Sleepover: A bed in Cornwall

Driftwood

A recent addition to Cornwall's burgeoning chic hotel scene, Driftwood sits on a cliff overlooking Gerrans Bay, a vast, blue sweep of ocean. The hotel has, in fact, been welcoming guests for more than 30 years, but this spring the new owners, former finance director Paul Robinson and his designer wife, Fiona, chucked out the chintz and harmonised the interiors with the fabulous natural setting. Cool white and stone tones are accented by marine blues, and decorative flotsam and jetsam enhance the seashore theme. Most dazzling is the restaurant, a pure white space lined with windows which focuses attention on the glorious views across the headland.

Where is it?

Near St Mawes, on the Roseland peninsula in south Cornwall.

What's it like?

A recent addition to Cornwall's burgeoning chic hotel scene, Driftwood sits on a cliff overlooking Gerrans Bay, a vast, blue sweep of ocean. The hotel has, in fact, been welcoming guests for more than 30 years, but this spring the new owners, former finance director Paul Robinson and his designer wife, Fiona, chucked out the chintz and harmonised the interiors with the fabulous natural setting. Cool white and stone tones are accented by marine blues, and decorative flotsam and jetsam enhance the seashore theme. Most dazzling is the restaurant, a pure white space lined with windows which focuses attention on the glorious views across the headland.

What's its USP?

Location, location, location. Pull up a steamer chair on the gently sloping lawn, then just sit and stare out to sea.

Rooms?

Ten, all en-suite, including a two-bedroom beach cabin with self-catering facilities at the bottom of the garden. Again, soft natural shades bring the outside in and the trademark driftwood is used to frame mirrors while smooth stones embellish lamps. Beds are comfortable, dressed with soft cotton duvets and silk throws. Dinner, bed and breakfast from £140 per double per night in low season. Bed and breakfast from £140 per double per night in high season with a 20 per cent reduction on dinner. Children share their parents' room for free, just paying for food. The beach cabin costs £170 per night. Ask about reductions for longer stays.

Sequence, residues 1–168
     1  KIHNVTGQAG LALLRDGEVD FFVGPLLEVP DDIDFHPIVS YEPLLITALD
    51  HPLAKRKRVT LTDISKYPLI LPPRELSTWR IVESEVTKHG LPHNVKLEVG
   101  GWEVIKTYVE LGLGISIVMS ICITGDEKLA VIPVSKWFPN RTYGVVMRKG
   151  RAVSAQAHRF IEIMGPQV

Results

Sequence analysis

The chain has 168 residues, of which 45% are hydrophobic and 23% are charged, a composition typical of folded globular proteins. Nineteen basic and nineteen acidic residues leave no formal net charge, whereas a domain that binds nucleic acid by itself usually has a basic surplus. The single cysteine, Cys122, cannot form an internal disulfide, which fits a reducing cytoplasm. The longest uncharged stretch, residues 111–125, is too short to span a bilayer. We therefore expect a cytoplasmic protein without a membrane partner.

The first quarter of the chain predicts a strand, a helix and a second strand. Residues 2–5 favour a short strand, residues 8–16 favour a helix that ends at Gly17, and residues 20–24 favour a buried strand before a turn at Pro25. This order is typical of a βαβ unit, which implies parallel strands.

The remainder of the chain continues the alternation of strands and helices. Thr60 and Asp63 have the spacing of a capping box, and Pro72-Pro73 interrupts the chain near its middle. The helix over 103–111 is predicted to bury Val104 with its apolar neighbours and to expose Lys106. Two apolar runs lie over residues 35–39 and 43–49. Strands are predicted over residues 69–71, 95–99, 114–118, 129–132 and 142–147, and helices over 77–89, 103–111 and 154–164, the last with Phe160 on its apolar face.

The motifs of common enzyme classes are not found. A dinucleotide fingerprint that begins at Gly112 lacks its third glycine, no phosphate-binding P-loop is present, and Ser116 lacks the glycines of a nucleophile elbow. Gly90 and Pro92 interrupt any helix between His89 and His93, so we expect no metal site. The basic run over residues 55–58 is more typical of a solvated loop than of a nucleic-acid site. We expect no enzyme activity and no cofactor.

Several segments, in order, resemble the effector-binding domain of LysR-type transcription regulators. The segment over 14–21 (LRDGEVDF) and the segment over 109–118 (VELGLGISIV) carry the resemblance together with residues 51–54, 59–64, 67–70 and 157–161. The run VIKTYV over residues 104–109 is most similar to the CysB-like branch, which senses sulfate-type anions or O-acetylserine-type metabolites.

Food?

The Robinsons want to build a reputation for fine food; hence they have persuaded Mark Wishart, formerly of Le Gavroche in London, to join the team. The menu offers three choices for each course and changes every evening. Ingredients are fresh, mainly organic produce from local sources. (The fish is literally delivered from the boat.) The best course is dessert, which is sublime whatever your choice. The starters and main courses are very good, too, but they need to reach the same standard as pudding. If, like me, you have a restless toddler who can't be left alone, ask for a table by the convenient little TV room at the back of the restaurant: the telly won't be on to disturb your meal, but you can settle down your little one within eyeshot with a book or some crayons. A communal children's tea is served every night at 5.30pm, offering simple, fresh food, and which most of the children there seem to enjoy.

Service?

The staff are warm and friendly and willing to go out of their way. But some attention needs to be paid to the consistency of the service because you can occasionally be forgotten. Teething troubles, perhaps.

Clientele

A middle-class mixture of couples and families.

Things to do

The coastal path runs along the bottom of the garden and a wooded trail leads to a pretty private beach where you can while away time. Local attractions include the Lost Gardens of Heligan and the Eden Project. St Mawes and Truro are a short drive away, and St Ives about an hour. If it rains, the hotel's well-stocked playroom will keep children entertained.

Address

Driftwood, Rosevine, near Portscatho, Cornwall TR2 5EW (01872 580644; www.driftwoodhotel.co.uk).

Kate Simon

Kate Simon travelled to Driftwood courtesy of National Car Rental (0870 400 4560; www.nationalcar.co.uk), which is offering car hire from £99 per week.

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